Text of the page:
The research coming out of Purdue University and Lawrence Berkeley National Laboratory is touted as a new revolutionary imaging way to find early neoplastic changes. The method works via analysis of intracellular nuclear protein distribution. The research was conducted by Sophie Lelièvre, Purdue assistant professor of basic medical sciences and David Knowles from Lawrence Berkeley National Laboratory:
“When you look at cells that don’t yet have a specific function – aren’t differentiated, compared to fully differentiated cells, which are now capable of functioning as breast cells – the organization of proteins in the nucleus varies tremendously,” Lelièvre said. “Then looking at how the proteins in malignant cells are distributed, it’s a totally different pattern compared to normal differentiated cells.”
The research team’s study on the imaging technique and its use in 3-D mapping and analysis of nuclear protein distribution is published this week online in Proceedings of the National Academy of Sciences. Ultimately, the scientists want to use the technique to determine not only if a lesion is malignant but also the exact kind of cancer, how likely it is to spread and the most appropriate treatment for a particular patient.
“The major problem exists in the pre-malignant stages of abnormal cells in determining whether cancer will develop, what type and how invasive it will be,” Lelièvre said. “The decision then is whether to treat or not to treat and how to proceed in these preliminary stages because only a certain percentage of these patients will ultimately develop cancer.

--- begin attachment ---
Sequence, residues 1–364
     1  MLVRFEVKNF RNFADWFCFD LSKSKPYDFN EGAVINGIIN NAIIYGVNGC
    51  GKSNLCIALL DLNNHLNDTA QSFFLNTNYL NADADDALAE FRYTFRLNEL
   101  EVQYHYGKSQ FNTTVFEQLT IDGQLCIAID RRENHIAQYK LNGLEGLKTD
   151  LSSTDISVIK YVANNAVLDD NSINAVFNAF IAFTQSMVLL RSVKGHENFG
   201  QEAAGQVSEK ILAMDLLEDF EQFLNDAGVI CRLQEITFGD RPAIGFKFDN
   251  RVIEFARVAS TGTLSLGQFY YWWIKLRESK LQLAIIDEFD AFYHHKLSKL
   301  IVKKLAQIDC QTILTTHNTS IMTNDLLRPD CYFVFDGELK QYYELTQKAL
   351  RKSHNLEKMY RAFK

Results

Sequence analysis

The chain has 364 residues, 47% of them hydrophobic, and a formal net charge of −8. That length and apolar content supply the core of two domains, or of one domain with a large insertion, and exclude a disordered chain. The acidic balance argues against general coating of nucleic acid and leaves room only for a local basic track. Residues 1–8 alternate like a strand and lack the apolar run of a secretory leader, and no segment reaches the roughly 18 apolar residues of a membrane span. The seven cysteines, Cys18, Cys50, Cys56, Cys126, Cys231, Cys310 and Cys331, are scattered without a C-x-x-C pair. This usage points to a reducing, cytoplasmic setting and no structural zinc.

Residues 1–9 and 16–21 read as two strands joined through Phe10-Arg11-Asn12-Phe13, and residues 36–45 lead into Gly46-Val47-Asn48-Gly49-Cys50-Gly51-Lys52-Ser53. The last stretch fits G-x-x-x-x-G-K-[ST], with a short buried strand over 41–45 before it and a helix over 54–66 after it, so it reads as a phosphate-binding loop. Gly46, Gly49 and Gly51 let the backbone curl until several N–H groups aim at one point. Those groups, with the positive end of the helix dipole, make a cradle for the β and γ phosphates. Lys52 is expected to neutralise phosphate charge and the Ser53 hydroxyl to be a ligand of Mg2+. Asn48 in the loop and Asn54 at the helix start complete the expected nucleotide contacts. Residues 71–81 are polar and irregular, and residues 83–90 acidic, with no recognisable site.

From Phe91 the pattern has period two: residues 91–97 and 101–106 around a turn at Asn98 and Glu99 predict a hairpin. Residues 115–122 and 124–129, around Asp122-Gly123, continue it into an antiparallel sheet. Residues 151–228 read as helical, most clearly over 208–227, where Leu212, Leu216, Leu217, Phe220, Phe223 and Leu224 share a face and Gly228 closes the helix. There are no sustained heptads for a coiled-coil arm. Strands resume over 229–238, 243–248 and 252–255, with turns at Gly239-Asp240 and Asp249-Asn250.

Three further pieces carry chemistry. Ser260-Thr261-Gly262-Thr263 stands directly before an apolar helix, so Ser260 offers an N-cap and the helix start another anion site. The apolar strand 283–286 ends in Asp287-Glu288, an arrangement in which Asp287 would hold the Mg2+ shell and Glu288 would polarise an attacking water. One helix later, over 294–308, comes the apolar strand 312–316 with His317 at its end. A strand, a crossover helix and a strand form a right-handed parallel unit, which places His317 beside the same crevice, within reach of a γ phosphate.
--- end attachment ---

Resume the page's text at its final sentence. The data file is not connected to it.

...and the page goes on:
“We want to use this technique to identify subtypes of cells within lesions that potentially could become more aggressive forms of cancer.”
Lelièvre, Knowles and their team used an antibody attached to a fluorescent molecule that targeted and linked with a specific nuclear protein from mammary tissue. When malfunctioning, this protein, named nuclear mitotic apparatus protein (NuMA), has been linked to leukemia and breast cancer.
The imaging technique the researchers developed to identify NuMA location shifts is called an automated local bright feature image analysis. It recorded the average amount of luminescence throughout the nucleus and then located the brightest spots, which were the protein. The system then automatically measured the differences in the protein’s distribution in each cell type and mapped it. This enabled the researchers to verify the changes exhibited by non-differentiated cells that were still multiplying, normal mammary cells and multiplying malignant cells.
The ability to see the protein patterns in the nucleus gives scientists one more tool in advancing the identification of types of cancer and appropriate treatment, Lelièvre said. The imaging tool should work for mapping and analyzing locations of any nuclear protein.